1960 TRIUMPH T100 TIGER BATHTUB STYLING
Bathtub styling was part of a brief flirtation with enclosed bike that infected England from the mid-50s to the mid-60s. After WWII, Brits were in dire need of basic transportation, and most couldn’t afford cars, so they commuted on bikes to and from work. The problem is the weather. Every night after getting home from work, the owner had to wipe his bike down of all the wet road grime to combat rust. Enclosing the bikes seemed like a good idea, until you realize that the moisture still found its way into these new enclosures, you just couldn’t see it, or dry it off. So rust became a bigger problem in some cases. Triumph wasn’t the only one to flirt with enclosed bikes. Norton, Velocette and even Vincent all tried their hand, with similar results. Triumph actually faired better than most. Their first Bathtub bikes were the 1959 Twenty-One (3TA 350 twin) and it’s big-sister, the 1959 5T Speed Twin (500), and by 1960, it had spread to the 6T Thunderbird (650) line. While the Bathtub bikes sold reasonably well in England (their intended market), by now the US was the Brits’ biggest motorcycle market by far, and Americans hated bulky, enclosed bikes. In fact, Yanks were famous for stripping every non-essential bit off their bikes already. Those unfortunate few who ended up with a Bathtub Triumph often swapped out the bulbous bodywork for more conventional fenders, side covers and headlight. Triumph quickly realized this and began cutting back on the Bathtub’s bulkiness year-by-year, until it all but disappeared by 1965, and the Bathtub-era was over.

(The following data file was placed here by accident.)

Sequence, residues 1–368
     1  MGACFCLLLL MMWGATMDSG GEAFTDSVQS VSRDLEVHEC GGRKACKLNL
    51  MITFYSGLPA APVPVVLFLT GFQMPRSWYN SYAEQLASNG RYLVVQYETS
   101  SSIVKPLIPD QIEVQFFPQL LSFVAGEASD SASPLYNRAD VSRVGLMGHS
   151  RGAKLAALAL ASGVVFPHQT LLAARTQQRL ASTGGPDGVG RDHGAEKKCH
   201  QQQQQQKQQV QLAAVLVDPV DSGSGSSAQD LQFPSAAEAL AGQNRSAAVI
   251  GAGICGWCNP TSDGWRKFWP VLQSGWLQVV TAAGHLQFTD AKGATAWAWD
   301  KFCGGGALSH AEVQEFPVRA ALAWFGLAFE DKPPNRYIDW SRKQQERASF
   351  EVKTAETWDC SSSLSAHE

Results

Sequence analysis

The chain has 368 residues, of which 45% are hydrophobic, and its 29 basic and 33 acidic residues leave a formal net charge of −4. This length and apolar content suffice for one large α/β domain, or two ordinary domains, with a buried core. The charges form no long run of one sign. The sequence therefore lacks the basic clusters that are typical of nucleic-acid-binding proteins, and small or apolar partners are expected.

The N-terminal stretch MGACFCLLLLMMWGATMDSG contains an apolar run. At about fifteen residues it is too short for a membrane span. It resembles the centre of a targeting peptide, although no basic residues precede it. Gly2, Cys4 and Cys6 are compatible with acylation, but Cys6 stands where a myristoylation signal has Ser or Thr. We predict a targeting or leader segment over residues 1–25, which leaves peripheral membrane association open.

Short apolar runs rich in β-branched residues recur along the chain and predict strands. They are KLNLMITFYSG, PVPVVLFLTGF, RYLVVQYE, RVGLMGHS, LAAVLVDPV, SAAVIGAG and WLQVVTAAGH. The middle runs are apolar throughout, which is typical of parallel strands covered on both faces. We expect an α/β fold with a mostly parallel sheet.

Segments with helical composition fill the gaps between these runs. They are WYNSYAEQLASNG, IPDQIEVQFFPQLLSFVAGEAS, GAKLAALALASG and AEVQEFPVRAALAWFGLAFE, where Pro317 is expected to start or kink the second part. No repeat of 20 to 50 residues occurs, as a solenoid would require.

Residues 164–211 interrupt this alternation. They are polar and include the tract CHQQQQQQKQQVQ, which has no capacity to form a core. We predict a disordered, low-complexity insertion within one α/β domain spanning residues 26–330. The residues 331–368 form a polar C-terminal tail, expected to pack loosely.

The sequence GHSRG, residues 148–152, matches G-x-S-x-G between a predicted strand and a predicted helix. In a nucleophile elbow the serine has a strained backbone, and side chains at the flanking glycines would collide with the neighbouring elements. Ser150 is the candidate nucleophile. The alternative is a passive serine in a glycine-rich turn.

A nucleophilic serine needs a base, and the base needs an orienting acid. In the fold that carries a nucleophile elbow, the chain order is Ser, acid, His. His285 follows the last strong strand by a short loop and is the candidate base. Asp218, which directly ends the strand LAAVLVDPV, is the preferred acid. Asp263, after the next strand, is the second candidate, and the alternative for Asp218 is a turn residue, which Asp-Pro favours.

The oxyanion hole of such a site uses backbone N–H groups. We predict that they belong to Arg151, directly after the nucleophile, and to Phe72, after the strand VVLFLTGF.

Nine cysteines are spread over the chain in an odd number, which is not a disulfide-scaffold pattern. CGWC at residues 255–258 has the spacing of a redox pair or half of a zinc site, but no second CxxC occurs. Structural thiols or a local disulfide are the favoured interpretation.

Special thanks go out to Bonham’s Auction Co. for giving us use of these pictures of this lovely 1960 Triumph T100 Tiger.